Rastafarians voice concerns
Religious freedom is not being abused in Barbados, but a United States government report on the issue said there were some concerns, especially those related to the Rastafarian community.
In the International Religious Freedom Report for 2012, released this month by the US State Department, the Americans said Barbados’ Constitution and other laws and policies “protect religious freedom and, in practice, the Government respected religious freedom”.
It also noted that “the trend in the Government’s respect for religious freedom did not change significantly during the year”.
Without going into specifics, however, the report claimed “there were some reports of societal discrimination based on religious affiliation, belief, or practice, and prominent societal leaders took positive steps to promote religious freedom”.
Additionally, it said Rastafarians here “complained of discrimination, especially in hiring and in schools” and also about the prohibition of marijuana use.
“The US embassy discussed religious freedom with the Government. Embassy officials met with leaders of various faith groups and discussed religious freedoms issues throughout the year. None raised concerns regarding religious freedom,” the report said.
“According to the 2000 census, more than 95 per cent of the population is Christian. The most recent census indicates that the two largest groups are Anglicans (28 per cent) and Pentecostals (18 per cent), followed by Seventh Day Adventists (five per cent), Methodists (five per cent), and Roman Catholics (four per cent). There are small numbers of Baptists, Moravians, and members of The Church of Jesus Christ of Latter-day Saints (Mormons).
“The number of non-Christians is small. There are 4,000 Muslims, most of whom trace their ancestry to the Indian state of Gujarat. A few immigrants from Guyana, Trinidad, South Asia, and the Middle East, as well as approximately 200 native-born persons, constitute the rest of the growing Muslim community. There are three mosques and an Islamic centre. Other religious groups include Jews, Rastafarians, Hindus, Buddhists, and Bahais,” it added.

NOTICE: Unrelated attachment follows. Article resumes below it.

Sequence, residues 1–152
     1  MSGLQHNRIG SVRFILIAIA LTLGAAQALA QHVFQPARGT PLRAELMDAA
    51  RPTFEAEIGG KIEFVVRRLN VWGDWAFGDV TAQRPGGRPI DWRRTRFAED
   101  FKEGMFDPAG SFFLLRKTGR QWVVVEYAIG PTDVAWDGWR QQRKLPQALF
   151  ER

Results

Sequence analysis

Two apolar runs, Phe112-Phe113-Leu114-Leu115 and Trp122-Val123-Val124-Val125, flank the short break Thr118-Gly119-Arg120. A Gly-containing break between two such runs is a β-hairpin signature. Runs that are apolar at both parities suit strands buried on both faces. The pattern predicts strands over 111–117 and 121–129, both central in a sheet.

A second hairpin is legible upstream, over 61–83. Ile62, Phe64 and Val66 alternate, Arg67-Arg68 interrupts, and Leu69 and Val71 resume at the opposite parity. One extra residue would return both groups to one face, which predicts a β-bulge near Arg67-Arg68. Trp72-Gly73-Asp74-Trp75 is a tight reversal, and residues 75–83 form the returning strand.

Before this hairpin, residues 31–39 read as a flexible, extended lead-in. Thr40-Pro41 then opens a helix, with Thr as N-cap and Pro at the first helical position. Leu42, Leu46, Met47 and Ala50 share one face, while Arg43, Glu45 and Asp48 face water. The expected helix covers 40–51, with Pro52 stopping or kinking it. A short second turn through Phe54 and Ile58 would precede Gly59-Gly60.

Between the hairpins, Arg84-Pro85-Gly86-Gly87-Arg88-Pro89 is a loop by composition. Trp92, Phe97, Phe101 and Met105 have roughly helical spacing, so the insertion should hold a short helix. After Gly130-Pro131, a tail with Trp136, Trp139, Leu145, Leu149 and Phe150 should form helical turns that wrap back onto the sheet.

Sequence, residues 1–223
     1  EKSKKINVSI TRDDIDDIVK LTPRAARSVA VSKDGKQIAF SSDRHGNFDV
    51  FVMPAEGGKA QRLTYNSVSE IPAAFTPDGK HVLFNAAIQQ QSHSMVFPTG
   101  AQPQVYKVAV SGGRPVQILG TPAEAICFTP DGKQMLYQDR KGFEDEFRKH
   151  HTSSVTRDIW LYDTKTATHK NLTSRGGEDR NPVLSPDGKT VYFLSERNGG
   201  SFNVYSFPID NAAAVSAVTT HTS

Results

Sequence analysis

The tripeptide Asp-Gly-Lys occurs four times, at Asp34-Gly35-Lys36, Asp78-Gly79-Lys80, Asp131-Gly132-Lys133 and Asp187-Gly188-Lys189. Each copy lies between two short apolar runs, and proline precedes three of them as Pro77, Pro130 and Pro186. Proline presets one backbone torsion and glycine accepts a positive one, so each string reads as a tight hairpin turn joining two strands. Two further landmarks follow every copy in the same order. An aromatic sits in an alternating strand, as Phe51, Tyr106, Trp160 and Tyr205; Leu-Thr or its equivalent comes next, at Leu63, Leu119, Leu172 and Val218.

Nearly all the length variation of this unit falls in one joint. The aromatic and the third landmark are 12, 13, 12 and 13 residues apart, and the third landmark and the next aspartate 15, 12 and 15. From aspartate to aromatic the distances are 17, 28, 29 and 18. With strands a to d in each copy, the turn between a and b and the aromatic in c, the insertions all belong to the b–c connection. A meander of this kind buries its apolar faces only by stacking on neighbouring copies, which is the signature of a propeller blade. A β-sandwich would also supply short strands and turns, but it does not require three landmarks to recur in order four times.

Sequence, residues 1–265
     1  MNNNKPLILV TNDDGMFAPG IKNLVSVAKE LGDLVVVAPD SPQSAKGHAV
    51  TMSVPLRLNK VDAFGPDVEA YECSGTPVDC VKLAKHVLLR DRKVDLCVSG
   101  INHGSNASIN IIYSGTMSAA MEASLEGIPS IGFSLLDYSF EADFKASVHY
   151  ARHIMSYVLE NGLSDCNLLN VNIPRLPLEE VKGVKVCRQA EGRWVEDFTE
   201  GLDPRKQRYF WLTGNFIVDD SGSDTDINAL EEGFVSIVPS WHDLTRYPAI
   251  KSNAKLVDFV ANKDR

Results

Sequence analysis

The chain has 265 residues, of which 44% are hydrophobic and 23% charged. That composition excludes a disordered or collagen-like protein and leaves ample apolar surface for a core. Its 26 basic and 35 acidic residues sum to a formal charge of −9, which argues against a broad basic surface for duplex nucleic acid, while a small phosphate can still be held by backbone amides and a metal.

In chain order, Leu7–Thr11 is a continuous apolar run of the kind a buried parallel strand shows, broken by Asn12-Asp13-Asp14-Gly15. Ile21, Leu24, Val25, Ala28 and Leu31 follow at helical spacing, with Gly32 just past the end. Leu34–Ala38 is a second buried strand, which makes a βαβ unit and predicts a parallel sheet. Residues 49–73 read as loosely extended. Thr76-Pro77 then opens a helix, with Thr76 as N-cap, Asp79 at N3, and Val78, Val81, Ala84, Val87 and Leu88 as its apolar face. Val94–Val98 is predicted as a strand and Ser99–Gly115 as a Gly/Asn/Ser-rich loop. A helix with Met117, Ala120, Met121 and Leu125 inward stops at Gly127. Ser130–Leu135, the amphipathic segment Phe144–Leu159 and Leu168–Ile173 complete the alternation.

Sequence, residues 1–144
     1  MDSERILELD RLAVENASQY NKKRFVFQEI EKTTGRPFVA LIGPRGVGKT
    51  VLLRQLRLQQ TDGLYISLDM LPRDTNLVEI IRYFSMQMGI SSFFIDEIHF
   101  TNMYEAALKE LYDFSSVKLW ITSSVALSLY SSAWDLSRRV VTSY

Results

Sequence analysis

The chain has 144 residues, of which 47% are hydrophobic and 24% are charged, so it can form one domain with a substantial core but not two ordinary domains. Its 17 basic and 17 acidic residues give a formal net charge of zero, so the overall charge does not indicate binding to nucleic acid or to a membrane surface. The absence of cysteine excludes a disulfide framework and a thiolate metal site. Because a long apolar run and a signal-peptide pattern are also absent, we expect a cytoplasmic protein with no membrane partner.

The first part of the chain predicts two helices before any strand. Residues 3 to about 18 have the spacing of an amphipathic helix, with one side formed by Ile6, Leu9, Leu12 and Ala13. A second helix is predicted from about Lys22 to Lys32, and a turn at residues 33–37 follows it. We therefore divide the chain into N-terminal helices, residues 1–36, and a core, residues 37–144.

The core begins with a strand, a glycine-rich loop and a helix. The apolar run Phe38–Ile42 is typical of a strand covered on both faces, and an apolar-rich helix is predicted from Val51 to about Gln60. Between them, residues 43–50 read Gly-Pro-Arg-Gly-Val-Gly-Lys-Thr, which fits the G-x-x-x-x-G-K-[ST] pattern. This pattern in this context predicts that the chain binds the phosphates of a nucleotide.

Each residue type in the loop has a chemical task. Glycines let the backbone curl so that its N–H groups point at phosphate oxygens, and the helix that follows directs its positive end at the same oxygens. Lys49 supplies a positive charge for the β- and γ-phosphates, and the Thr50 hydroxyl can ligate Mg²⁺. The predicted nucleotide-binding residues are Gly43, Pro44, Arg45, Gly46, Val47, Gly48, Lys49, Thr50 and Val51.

The report noted that while there were not reports of religious freedom abuses, the local Rastafarian community had concerns.
“The government prohibits the use of marijuana, including for religious purposes… Rastafarians protested that marijuana use, prohibited by law, was integral to their religious rituals,” it stated.
“There were some reports of societal discrimination based on religious affiliation, belief, or practice, and prominent societal leaders took positive steps to promote religious freedom. Rastafarians complained of discrimination, especially in hiring and in schools.
“The head of the Barbados Worker’s Union publicly referred to a local employer as an ‘Egyptian Jew’ and there was extensive local media coverage of his remarks. The union leader said no apology was required and that none would be made. This comment came after reports that local workers were being paid less than foreign workers in the employer’s jewelry store.”
The US government said its embassy officials here “engaged regularly with religious group leaders and all sectors of civil society on the topic of religious freedom”.
“This included meetings with leaders of the Anglican Diocese, the Catholic Church, and the evangelical association. Embassy officials also had ongoing contact and meetings with the leadership of the Muslim association. No leaders raised concerns regarding religious freedom issues,” the report stated. (SC)